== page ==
GSA Annual Meeting in Denver, Colorado, USA - 2016

Paper No. 323-18
Presentation Time: 9:00 AM-6:30 PM


CAMPBELL, Mary K., Geology, Oberlin College, 173 W Lorain St., Oberlin, OH 44074, SCHMIDT, Amanda H., Geology, Oberlin College, Geology Department, Rm. 403, 52 W. Lorain St, Oberlin, OH 44074, WOODMANSEE, Sylvia Jane, 135 West Lorain St, OCMR 2883, Oberlin, OH 44074 and BOWER, Jennifer, Geology Department, University of Vermont, Burlington, VT 05401,

While utilizing agricultural drainage tiles to extend the growing season and allow for cultivation in poorly-drained soils has been a common practice for decades in the Midwestern United States, the effects of drainage tiles on erosion are not fully understood. The link between drainage tiles and increased nutrient inputs is well documented, and artificial drainage systems have been implicated in channel widening, however there is little information concerning the effects of drainage tiles on erosion. This study aims to characterize the relationship between agricultural land use, drainage tiles, and depth of erosion in the Vermilion River watershed in Northeastern Ohio, using 137Cs gamma spectrometry and powder X-Ray Diffraction to track the movement and weathering of sediments. Agriculture accounts for 73% of land use in the Vermilion watershed. Drainage tiles are installed 3-6 feet below ground and facilitate drainage when the water table rises above the tiles. 28-72% of the upstream area in sampled watersheds is drained artificially.

This study analyzes sediment samples collected from the Vermilion watershed upstream of a major knickpoint. Using GIS, we identified watersheds of approximately equal sizes and slopes, but differing percentages of upstream land with drainage tiles. Tile distribution was estimated based on land use and soil drainage properties. Detrital samples were sieved to <63μm, dried, and counted for 24-96 hours in a high purity germanium detector to measure 137Cs. Preliminary results show a weak correlation between the percentage of upstream area with drainage tiles and concentration of 137Cs, however the knickpoint complicates analysis.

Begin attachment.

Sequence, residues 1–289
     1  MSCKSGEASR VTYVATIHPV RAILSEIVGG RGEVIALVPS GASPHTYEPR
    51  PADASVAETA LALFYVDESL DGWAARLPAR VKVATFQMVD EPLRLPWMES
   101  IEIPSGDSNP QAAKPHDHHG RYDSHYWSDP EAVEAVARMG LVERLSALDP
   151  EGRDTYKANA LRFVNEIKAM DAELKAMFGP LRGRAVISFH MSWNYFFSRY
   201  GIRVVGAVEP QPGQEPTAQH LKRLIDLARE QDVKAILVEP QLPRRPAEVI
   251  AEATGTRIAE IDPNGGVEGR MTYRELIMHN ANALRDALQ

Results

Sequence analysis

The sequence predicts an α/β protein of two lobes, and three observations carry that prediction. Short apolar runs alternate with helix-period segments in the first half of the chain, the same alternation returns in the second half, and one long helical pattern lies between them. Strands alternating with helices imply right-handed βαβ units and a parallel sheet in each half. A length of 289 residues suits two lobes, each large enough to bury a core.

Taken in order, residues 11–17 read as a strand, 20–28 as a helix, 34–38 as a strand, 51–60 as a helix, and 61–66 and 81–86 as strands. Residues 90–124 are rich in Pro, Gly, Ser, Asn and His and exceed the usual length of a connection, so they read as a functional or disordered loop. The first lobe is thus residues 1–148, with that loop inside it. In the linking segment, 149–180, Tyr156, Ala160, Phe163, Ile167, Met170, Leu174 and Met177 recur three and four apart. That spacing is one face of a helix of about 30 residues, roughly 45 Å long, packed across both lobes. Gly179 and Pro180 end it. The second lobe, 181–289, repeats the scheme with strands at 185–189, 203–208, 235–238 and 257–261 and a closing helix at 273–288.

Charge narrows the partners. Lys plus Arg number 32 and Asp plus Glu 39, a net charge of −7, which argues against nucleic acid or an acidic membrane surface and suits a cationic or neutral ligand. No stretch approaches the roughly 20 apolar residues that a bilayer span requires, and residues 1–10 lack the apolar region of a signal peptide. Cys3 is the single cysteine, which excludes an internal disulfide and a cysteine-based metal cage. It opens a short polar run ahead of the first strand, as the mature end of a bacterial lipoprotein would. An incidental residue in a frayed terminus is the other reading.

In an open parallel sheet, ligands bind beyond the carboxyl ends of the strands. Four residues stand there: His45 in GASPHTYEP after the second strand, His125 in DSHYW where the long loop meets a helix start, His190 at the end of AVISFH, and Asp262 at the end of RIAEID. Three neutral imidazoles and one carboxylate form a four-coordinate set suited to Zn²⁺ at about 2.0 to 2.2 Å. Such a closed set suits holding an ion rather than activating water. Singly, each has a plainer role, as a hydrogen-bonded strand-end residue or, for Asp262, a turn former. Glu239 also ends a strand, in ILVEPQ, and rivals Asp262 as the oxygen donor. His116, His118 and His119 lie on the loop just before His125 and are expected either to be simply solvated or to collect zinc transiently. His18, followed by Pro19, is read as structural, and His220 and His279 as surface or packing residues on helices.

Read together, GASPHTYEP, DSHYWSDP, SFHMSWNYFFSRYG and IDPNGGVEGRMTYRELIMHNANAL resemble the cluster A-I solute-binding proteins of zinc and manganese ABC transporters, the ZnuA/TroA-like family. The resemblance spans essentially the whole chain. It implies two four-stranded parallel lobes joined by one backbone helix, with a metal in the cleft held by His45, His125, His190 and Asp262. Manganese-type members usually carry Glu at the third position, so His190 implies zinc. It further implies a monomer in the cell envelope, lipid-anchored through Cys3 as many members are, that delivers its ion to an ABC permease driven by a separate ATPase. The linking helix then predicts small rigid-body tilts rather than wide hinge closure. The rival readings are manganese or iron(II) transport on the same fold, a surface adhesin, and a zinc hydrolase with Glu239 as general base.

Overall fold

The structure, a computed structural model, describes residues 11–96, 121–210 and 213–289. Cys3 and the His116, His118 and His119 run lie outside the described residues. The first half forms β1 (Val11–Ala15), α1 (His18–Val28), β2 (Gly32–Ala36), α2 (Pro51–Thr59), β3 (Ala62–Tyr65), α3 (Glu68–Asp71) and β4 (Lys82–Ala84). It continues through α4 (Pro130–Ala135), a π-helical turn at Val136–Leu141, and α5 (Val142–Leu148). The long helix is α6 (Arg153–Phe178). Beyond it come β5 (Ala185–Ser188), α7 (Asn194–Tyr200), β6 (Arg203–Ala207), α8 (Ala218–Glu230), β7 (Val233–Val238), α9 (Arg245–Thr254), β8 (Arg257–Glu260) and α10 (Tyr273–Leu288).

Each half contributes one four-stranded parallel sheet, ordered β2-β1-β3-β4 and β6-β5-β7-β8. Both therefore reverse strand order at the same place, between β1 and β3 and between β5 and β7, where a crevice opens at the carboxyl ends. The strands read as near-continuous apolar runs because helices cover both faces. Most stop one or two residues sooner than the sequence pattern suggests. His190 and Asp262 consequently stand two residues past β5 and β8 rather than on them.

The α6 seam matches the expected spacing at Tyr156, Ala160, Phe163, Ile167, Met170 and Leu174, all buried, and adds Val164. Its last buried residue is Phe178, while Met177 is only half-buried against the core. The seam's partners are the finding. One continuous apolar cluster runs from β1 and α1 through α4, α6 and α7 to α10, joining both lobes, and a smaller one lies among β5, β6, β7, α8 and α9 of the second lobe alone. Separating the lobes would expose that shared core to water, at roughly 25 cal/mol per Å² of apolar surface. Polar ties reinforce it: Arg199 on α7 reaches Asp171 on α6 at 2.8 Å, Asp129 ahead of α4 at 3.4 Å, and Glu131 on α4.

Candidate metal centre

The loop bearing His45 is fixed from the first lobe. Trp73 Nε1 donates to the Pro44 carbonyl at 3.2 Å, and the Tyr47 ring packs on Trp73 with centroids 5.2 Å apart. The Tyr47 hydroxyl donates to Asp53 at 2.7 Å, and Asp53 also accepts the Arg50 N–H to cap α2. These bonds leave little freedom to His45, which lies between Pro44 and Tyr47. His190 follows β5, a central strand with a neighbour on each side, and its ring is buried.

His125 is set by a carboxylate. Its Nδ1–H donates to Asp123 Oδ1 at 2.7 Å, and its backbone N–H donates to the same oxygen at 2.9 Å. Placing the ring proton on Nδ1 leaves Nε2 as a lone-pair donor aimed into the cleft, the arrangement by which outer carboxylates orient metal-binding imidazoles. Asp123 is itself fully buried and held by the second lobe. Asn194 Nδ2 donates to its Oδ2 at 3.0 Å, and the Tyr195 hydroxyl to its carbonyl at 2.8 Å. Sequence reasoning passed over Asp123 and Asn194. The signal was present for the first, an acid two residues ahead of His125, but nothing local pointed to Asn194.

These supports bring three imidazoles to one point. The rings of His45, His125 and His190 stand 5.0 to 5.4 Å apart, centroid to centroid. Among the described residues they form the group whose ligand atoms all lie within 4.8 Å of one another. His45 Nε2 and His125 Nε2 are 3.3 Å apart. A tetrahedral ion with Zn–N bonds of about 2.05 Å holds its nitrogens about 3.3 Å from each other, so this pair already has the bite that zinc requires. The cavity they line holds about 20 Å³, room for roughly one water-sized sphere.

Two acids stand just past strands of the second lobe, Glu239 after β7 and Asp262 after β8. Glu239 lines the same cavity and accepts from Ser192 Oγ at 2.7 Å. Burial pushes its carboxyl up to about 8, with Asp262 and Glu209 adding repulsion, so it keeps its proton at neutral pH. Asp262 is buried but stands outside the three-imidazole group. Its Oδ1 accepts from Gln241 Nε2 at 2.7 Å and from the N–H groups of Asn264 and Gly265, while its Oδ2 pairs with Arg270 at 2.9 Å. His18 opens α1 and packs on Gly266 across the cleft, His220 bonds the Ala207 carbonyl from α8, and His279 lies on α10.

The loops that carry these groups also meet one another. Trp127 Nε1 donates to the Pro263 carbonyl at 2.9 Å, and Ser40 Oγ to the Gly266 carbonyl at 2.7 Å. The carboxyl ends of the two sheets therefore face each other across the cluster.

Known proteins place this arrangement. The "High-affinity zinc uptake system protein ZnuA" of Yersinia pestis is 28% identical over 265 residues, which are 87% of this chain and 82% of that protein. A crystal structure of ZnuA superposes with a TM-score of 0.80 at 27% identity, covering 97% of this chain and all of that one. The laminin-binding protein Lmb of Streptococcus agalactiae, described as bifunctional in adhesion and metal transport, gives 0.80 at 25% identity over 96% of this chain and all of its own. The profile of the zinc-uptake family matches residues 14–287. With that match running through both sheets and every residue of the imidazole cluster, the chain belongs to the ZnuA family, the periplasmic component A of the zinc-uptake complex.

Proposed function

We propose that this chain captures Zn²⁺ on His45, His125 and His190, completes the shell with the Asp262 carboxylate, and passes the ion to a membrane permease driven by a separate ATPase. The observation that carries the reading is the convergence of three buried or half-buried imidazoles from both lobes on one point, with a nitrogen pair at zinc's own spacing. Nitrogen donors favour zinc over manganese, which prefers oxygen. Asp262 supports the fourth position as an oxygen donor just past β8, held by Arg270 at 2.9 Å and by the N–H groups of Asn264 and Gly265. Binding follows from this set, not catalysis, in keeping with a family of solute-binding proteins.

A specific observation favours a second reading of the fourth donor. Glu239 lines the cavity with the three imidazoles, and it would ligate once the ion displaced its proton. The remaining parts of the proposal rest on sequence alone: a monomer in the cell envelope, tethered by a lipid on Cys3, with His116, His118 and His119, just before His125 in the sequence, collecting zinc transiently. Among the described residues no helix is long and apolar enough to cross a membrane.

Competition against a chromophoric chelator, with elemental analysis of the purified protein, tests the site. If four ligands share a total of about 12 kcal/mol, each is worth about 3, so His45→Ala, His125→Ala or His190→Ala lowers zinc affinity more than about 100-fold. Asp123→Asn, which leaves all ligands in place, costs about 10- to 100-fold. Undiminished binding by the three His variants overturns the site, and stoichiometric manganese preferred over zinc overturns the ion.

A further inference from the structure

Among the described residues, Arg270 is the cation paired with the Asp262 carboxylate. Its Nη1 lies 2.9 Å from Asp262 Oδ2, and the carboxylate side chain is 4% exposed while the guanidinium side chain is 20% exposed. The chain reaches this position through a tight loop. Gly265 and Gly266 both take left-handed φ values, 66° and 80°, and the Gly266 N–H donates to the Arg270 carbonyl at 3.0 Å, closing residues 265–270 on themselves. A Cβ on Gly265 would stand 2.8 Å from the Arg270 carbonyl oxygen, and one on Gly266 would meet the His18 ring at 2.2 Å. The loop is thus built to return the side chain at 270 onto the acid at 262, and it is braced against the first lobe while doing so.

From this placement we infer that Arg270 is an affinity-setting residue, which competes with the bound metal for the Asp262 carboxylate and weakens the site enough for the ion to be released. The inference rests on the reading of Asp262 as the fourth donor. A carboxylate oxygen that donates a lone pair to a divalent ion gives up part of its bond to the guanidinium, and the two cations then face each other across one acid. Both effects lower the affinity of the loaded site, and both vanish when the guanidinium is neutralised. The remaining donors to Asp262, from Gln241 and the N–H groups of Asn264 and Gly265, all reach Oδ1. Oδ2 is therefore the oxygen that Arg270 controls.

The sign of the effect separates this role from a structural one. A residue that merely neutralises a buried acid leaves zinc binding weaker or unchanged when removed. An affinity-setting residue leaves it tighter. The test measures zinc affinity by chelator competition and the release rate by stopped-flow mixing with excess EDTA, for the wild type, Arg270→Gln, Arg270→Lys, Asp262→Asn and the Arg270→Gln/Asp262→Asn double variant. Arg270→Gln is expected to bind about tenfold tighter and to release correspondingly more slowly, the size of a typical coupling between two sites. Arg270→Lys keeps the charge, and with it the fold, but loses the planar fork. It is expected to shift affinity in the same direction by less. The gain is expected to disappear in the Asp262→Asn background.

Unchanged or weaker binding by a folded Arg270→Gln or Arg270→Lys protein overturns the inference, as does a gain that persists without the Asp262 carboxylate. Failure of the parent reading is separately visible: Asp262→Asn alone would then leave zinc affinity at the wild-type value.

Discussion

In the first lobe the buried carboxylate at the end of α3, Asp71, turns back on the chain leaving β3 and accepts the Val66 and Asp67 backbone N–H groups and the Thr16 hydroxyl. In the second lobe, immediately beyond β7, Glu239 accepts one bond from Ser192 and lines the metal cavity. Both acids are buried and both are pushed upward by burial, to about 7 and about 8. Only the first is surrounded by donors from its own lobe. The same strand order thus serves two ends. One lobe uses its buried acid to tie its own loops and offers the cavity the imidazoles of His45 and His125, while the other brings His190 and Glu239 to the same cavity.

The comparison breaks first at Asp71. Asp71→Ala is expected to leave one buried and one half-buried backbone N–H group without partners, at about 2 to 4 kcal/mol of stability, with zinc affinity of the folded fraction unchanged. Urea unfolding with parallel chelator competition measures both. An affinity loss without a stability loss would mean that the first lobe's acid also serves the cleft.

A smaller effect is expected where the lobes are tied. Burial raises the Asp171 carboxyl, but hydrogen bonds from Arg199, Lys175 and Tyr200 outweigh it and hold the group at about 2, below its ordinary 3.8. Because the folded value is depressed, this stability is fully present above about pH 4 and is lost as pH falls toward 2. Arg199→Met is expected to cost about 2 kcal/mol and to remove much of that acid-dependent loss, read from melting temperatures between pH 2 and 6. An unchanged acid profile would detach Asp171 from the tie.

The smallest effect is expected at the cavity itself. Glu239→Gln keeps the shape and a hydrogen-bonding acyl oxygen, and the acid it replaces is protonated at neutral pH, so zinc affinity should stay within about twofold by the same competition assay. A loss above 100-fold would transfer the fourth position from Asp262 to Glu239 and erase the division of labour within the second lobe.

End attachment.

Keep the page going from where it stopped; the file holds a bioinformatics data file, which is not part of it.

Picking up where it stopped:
pXRF is also used to examine the effects of drainage tiles on the composition of minerals in sediments and to distinguish between surface and subsurface erosion, under the hypothesis that surface erosion will be correlated with more weathered minerals.

Understanding the sources and magnitude of sediment pollution is of critical importance in the Great Lakes, as sediment and the contaminants it may carry have a detrimental impact on ecosystems and drinking water. Greater knowledge of drainage tiles and their contribution to erosion could provide information on topsoil loss, and help increase our knowledge about the impacts of agriculture on water quality.